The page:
Gotwals, whose background is in quantum and computational chemistry, says, "Just getting into our school is highly competitive, and the students we pick for the CGD program are truly the best of the best. Our school motto is ‘Accept the greater challenge,’ and these students have the curiosity and the work ethic that are required to be a good researcher. You can’t tell that from a paper application—you have to work with students in the classroom to know who really belongs in this independent research setting."

MSSM biology teacher Deborah McGann was the first teacher to bring students into the CGD distance-learning program. "It’s been win-win-win all around," says McGann, now in her fourth year of working with the CGD. "The computational biology course has opened so many doors for the students who have participated. To have somebody like Gary Churchill actually listen with interest to what they have to say really helps them believe they can contribute to the scientific community."

During the academic year, Churchill and McClatchy "meet" remotely with the students once a week in a 90-minute online session. "We realized early on," Churchill says, "that we wanted to use that time for interaction with the kids, rather than lectures."

So the CGD team, including the high school teachers, developed a series of online modules to train students in the basic skills they need for their independent research projects. One of their modules, Quantitative Trait Mapping, won the Science Prize for Inquiry-Based Instruction from the American Association for the Advancement of Science (AAAS), and the team published an essay in the May 27 edition of Science.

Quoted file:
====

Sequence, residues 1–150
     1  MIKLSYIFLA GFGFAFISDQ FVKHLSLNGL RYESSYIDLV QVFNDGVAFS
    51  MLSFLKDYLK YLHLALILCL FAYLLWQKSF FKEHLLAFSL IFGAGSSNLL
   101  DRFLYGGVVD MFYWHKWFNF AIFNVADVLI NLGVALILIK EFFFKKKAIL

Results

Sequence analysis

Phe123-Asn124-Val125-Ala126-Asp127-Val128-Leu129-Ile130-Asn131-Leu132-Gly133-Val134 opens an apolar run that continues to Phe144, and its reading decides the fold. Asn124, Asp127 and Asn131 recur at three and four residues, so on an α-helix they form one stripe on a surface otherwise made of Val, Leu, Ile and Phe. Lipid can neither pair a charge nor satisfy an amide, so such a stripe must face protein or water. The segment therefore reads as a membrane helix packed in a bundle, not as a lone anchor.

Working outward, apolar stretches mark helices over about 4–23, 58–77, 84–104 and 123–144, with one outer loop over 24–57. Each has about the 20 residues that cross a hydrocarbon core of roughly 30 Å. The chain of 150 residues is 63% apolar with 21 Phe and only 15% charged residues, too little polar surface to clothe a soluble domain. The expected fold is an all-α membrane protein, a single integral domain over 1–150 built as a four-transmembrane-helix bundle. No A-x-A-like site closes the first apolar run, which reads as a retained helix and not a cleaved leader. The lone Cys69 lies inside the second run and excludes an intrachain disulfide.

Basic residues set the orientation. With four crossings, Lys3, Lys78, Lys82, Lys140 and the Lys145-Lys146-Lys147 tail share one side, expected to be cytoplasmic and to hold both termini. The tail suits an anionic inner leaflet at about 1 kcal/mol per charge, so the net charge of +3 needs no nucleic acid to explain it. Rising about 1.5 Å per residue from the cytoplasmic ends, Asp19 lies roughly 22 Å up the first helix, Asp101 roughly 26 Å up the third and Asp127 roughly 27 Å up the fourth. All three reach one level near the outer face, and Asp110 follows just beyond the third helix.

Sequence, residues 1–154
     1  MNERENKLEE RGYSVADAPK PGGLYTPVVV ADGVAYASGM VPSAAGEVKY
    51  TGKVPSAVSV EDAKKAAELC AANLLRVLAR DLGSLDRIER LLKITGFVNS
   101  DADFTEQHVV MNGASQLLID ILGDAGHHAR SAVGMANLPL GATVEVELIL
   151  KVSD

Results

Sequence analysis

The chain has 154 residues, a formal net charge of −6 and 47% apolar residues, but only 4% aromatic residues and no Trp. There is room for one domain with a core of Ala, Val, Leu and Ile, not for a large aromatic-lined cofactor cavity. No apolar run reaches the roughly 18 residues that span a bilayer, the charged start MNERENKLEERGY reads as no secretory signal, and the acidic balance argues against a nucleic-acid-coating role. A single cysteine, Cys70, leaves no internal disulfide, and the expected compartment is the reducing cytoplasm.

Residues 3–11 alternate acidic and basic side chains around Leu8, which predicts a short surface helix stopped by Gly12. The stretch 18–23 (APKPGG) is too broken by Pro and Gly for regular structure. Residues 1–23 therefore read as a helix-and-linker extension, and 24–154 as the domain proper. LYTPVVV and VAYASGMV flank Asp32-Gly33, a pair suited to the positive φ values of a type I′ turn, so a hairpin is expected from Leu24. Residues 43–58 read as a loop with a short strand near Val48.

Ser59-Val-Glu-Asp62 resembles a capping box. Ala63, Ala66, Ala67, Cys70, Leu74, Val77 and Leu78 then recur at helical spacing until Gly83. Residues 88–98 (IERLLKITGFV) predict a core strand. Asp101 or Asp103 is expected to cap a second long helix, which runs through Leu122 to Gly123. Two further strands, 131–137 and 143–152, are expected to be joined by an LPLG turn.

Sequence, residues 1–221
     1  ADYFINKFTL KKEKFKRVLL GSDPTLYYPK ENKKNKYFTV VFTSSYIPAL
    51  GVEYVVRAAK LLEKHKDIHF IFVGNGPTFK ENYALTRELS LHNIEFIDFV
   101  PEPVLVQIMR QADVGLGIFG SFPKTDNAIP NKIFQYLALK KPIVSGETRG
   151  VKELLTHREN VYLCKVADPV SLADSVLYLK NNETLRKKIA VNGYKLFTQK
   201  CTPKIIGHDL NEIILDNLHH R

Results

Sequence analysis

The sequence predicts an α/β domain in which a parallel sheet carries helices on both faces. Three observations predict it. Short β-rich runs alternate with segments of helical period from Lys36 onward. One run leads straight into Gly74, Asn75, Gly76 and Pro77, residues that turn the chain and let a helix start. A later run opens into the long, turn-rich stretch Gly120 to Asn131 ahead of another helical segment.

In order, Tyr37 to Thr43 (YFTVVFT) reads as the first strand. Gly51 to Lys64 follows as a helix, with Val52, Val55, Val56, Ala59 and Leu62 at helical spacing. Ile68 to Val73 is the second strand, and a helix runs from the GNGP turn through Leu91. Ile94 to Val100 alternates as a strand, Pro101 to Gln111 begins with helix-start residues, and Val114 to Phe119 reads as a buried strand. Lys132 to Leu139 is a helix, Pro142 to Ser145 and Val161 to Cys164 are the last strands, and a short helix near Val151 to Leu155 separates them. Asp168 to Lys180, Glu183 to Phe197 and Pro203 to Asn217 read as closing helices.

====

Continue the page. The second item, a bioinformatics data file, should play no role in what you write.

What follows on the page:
"Not many high school science teachers get to publish in Science," McGann notes.

McClatchy notes that because the CGD distance-learning program requires such intensive interaction with the students and their teachers, "it’s not really scalable. However, what is scalable is the Quantitative Trait Mapping module. We would like to see it placed in undergraduate biology courses, where the faculty will already have the requisite scientific background to incorporate the module in their courses."

Free access to the online module, McClatchy adds, "means that colleges and universities lacking wet lab facilities can provide their students with a real research experience. We have high hopes that it will scale up and scale up big. Really big."